Sean’s blond bombshell mother regularly entertains Black Panthers and movie stars in the family’s marble and glass penthouse.  His enigmatic father uses a jet helicopter to drop Sean off at the video arcade.  The three live happily together “eight-hundred feet in the air above San Francisco; in an apartment at the top of a building at the top of a hill:  full of light, full of voices, full of windows full of water and bridges and hills.”  But when his father divorces his mother and marries her best friend, Sean’s life blows apart.   His memoir shows us how he survived, spinning out a “deliriously searing and convincing” portrait of a wicked stepmother (The New York Times Book Review), a meeting with the pope, disastrous sexual awakenings, and a tour of “the planet’s most interesting reform schools.”

The Step-Mother Dede sounds a lot like my Step-Mother.  Part of Wilsey’s description:

This is what Dede did.  She got to know Mom, found her greatest weakness (pride and vanity), stole her greatest asset (family), mocked Mom’s presence in a world where she didn’t belong (society), lit Mom’s fuse, and watched her explode.

The book starts off like this:

In the beginning we were happy.  And we were always excessive.  So in the beginning we were happy to excess.

Nerd Culture Symptom of Divorce?

A new book called American Nerd: The Story of My People written by Benjamin Nugent. Passed by it in the bookstore and on a hunch had to grab it and check — a little birdie told me that the Cool Nerd Culture is in part a product of growing up in Divorce. It sort of connects in with that thing where I couldn’t find famous intellectuals who grew up in Divorced families. I know they’re out there. I grew up with them. And, yes Alice, here they are, in this book, writing their little hearts out about the culture they’ve created for themselves. In American Culture, when your biggest strengths are your mind, you’re a bit of an outcast. Tear the family in two and, voila, a culture of alienation that’s going to love themselves as they are in spite of the all bullies.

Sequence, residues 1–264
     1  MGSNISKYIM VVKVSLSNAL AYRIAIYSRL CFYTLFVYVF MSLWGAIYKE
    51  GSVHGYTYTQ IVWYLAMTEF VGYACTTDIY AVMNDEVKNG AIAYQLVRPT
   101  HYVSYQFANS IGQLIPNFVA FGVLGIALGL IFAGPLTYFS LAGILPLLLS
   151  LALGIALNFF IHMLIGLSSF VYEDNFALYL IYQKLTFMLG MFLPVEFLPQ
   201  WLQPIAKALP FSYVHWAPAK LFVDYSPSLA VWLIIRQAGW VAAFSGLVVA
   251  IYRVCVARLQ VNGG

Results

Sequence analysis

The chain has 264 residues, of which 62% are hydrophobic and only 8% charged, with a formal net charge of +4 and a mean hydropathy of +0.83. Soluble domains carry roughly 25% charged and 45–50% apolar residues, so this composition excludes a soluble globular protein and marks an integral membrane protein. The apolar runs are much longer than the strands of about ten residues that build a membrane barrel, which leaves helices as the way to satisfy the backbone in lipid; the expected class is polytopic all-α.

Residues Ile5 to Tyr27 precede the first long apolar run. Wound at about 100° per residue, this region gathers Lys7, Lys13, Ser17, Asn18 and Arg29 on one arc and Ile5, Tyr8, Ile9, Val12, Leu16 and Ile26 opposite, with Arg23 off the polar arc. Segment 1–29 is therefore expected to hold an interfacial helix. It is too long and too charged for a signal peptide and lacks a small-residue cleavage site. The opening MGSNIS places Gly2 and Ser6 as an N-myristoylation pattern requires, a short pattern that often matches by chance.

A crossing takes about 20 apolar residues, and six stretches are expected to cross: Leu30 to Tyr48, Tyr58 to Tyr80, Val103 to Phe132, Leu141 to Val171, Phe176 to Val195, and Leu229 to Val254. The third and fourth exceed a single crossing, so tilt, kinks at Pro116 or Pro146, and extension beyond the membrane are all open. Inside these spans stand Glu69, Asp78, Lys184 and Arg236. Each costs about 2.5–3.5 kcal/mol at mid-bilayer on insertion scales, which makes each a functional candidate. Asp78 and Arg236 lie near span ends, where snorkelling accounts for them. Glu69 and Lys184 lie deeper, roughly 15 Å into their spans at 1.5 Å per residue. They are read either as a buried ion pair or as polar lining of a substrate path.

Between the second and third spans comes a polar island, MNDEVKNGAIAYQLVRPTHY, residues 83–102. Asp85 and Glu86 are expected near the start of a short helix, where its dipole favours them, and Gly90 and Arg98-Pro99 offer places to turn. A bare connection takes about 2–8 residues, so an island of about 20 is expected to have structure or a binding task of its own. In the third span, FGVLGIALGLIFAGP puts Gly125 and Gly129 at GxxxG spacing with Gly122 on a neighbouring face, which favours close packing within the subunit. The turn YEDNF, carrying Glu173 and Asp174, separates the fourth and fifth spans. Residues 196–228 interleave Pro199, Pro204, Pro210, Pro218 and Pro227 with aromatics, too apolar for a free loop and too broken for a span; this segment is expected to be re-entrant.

American Nerd looks like a very entertaining book. In the back, Nugent talks about his upbringing. At Age 8, in despair over not being able to ride a bike, he threatened to kill himself with his Swiss Army Knife. And so a Trip to Therapy.

At Age 9 Nugent’s parents divorced. I guess this is proof that kids are already screwed up before the Divorce. Divorce doesn’t make them any worse for wear. Nugent appears to be doing just fine now. Here’s his description of life at Age 9:

My parents split up, and Jonah and his friend use me as a starting point for a discussion on the negative effects of divorce upon children. At our cafeteria table at lunch, they put on skits in which they play my mother and father.

Jonah: Ben’s an imbecile.

Nick: No, Ben’s a gay retard.

Jonah: Fuck you, we’re getting a divorce.

I learn that real life is not something you should talk about with your friends. From this point onward, our mode of connection will be Dungeons & Dragons, the Nintendo, and the Apple IIe. So begins the age of teh oak table at the Jones Library. My father buys me a Nintendo, and I am only allowed to use it at his house, where I live on week-ends.

Birth Right
June 4, 2008, 9:48 pm
Filed under: Uncategorized

Birth Right doesn’t really exist anymore for Children of Divorce (unless they fight for it.)  That’s not a big deal for some personalities.  For others it’s only a problem when comparing one’s self to one’s friends, the friends who go home and home is just home.  For some kids it could be devastating, especially if the parents set a bad example of self-esteem or don’t know how to raise a kid by themselves in the first place.

For Children of Divorce, Home is not Home.  Home is “Relationship.”  Relationships that come and go. And relationships that are one on one with each person.  No sense of unity.  The Child of D must not mind that, or need it.  Or must find a way to seek it out through other means later on in life.

I heard a bunch of kids the other day saying “You make your family.”  There’s nothing really to go back to, which is a common theme through out modern society.  It’s just maybe felt at a much deeper level by those who grew up in split families.  There’s always such a deep vibe running through kids from divorced families that the kids from intact families always lack.  Have to ask so many more questions.